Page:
He’s a former executive at Hoyt Cinemas and Disney, among other places, but if you ask BevMo! CEO Alan Johnson where the big show is these days he’s happy to tell you that it’s in the beer aisles of his stores.
The company recently announced it was opening its 119thoutlet in City of Industry, California on Aug. 31. Along with a Goleta, Calif., store, it will be the first since a change in liquor wholesaling laws to the north, in Washington, allowed BevMo!—also called Beverages & More — to push into that state.
Brewbound.com recently spoke with Johnson after the opening of its stores in Tacoma and Silverdale, Wash. about the way that the company – a massive warehouse-style store stocked to the gills with booze, wine, and beer – sees its role in the craft beer universe.
According to Johnson, the West Coast’s leadership in craft brewing combines with the chain’s footprint — mostly California, also Washington and Arizona – to make an emphasis on having local craft beer a necessity – and that in the stores “all the excitement is around craft beer,” where “you can never have enough local.”
“The innovation is kind of through the roof,” he said, in describing the reason he’s enthusiastic about craft beer. The native of Australia added that the company has been known to stock as many as 1,000 different beer types at its stores, but that it strives to balance that breadth via a hard push to make sure that local beer is featured.
Johnson, who joined BevMo! in 2009, said that despite the astronomical number of wine, beer, liquor, and mixer SKUs in each store – around 8,000, give or take, depending on store size — there’s a push on to try to turn every store into “your neighborhood specialty beverage retailer.”
That means that local buyers try to determine the key local craft companies to stock, just as they do wines that are popular in a given area. He cited the buyer at his new Tacoma store as an example:
“Our market merchandise manager lives in Walla Walla, works in Seattle, he has lived all of his life in the Pacific Northwest,” Johnson said. “Nobody will care more about what’s happening in a local neighborhood than local buyers. Look, Washington is the second-biggest state in the wine business in the U.S. Being closer to that ‘mother ship,’ the local wines, beers, will be specifically called out in the store, with specific signage.”
All BevMo! stores use the DSD system to get beer, but have beer specialists who run their departments and try to stock according to local needs. Those specialists are able to arrange tastings and approve new products, Johnson added, and put a priority on being as current with their lineups as possible. He encourages beverage entrepreneurs – both beer and non-alcohol makers – to pitch to their local BevMo buyer.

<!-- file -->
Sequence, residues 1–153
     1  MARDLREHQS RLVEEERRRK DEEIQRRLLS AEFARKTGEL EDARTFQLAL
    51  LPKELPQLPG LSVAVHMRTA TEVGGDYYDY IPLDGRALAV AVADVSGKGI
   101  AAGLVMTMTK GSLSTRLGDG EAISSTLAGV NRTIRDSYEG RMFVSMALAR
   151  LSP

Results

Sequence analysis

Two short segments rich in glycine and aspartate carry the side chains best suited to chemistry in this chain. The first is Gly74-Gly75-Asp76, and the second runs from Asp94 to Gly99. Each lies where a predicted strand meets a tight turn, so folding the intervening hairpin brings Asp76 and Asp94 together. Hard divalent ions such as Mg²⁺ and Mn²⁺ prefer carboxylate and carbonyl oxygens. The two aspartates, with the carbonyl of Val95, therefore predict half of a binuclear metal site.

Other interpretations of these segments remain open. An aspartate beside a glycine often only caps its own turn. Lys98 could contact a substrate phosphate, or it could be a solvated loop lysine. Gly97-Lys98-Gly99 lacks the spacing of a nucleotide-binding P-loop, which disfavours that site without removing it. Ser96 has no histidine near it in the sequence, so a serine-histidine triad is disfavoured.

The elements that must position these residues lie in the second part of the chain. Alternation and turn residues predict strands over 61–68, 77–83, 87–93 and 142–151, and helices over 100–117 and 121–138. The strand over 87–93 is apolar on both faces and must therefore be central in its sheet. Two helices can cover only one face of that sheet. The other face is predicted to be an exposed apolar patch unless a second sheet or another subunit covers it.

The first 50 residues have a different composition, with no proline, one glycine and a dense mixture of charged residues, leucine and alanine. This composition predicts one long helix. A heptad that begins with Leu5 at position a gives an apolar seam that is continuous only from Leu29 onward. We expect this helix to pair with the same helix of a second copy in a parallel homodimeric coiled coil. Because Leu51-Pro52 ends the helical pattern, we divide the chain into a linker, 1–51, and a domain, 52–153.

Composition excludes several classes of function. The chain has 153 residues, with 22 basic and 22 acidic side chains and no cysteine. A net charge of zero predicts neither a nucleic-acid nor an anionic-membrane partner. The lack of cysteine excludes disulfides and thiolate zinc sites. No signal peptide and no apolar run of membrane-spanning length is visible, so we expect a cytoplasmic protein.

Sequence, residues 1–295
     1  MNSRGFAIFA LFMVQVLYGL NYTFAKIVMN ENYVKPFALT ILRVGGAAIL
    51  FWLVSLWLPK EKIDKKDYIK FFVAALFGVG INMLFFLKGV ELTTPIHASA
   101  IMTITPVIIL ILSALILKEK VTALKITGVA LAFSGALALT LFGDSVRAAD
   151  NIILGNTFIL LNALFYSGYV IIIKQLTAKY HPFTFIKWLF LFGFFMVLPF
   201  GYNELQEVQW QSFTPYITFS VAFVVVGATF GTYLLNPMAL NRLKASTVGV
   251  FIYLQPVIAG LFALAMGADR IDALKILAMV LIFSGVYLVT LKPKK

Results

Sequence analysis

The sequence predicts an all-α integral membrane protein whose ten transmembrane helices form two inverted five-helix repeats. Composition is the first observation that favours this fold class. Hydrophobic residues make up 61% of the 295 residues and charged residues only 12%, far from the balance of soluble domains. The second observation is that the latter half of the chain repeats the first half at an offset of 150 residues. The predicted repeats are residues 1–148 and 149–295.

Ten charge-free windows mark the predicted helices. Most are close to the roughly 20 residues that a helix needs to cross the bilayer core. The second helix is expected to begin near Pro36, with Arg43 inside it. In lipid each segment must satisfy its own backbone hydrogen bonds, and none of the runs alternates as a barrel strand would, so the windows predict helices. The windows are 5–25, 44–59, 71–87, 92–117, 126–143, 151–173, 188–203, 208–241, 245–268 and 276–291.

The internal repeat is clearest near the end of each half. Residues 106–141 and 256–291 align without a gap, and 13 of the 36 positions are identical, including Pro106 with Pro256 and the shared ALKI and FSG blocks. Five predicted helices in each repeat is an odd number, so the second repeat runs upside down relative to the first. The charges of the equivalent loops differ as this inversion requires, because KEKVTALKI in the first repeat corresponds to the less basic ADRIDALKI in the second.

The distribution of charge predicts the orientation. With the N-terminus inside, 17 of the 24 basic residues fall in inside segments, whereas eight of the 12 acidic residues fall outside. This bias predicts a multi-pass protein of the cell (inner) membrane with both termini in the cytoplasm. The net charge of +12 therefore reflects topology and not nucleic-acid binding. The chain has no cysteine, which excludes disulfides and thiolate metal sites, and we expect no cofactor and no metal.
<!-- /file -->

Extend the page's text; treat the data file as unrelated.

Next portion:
“There’s no such thing at BevMo! as one size fits all,” Johnson said. “We think local, we buy local, we live local and we hire local.
Goose Island is officially migrating all over the country. The Anheuser-Busch InBev-owned craft brewery will be available, on draught, in all 50 states by the end of November. It will be begin national sales of 6-packs and 12-packs at the start of 2013.
After news of the expansion broke, the company posted a note confirming the story to its Twitter account, along with a password-protected video.
The nationwide rollout will initially include just four brands – 312 Urban Wheat, Honker’s Ale, India Pale Ale and Mild Winter. A significant amount of the production of these brands already takes place at the Anheuser-Busch facility in Baldwinsville, New York; reportedly Goose Island will also begin contracting additional production to the AB facility in Fort Collins, Colo.
The company plans to produce 230,000 barrels in 2012.
New York Loosens Restrictions on Craft
July was a month of big changes for New York’s small brewers; first, Gov. Andrew Cuomo traveled to the Matt Brewery in Utica to sign a law that created a special tax designation for farmer/brewers in the state.
But the bigger news took place at the end of the legislative session, when Cuomo signed a law that allows the state’s smaller brewers to more easily terminate their distribution contracts.
Under the terms of the Small Brewers Bill, New York State brewers who produce fewer than 300,000 barrels annually – or a total of less than three percent of the distributor’s total annual brand sales – may terminate their contract without penalty provided they pay the distributor fair market value for terminating the contract.
“Gone are the days when a distributor can basically promise you the moon and deliver next to nothing,” said Scott Vaccaro, founder of Captain Lawrence Brewery in Elmsford, New York.
The bill designated an arbitration process for the settlement of disputed value amounts.
The NYBA released a statement applauding the bill, saying the “combination of laws give us the help we need to continue growing our business.”
The new law is in line with other provisions proposed by brewing associations across the country that would allow craft brewers to more easily move between wholesalers. It has been the fear of those manufacturers that they could suffer from a lack of service, particularly if their wholesalers face pressure from larger suppliers.
Wholesalers, for their part, remain concerned that they will build brands only to see them leave without receiving fair market value.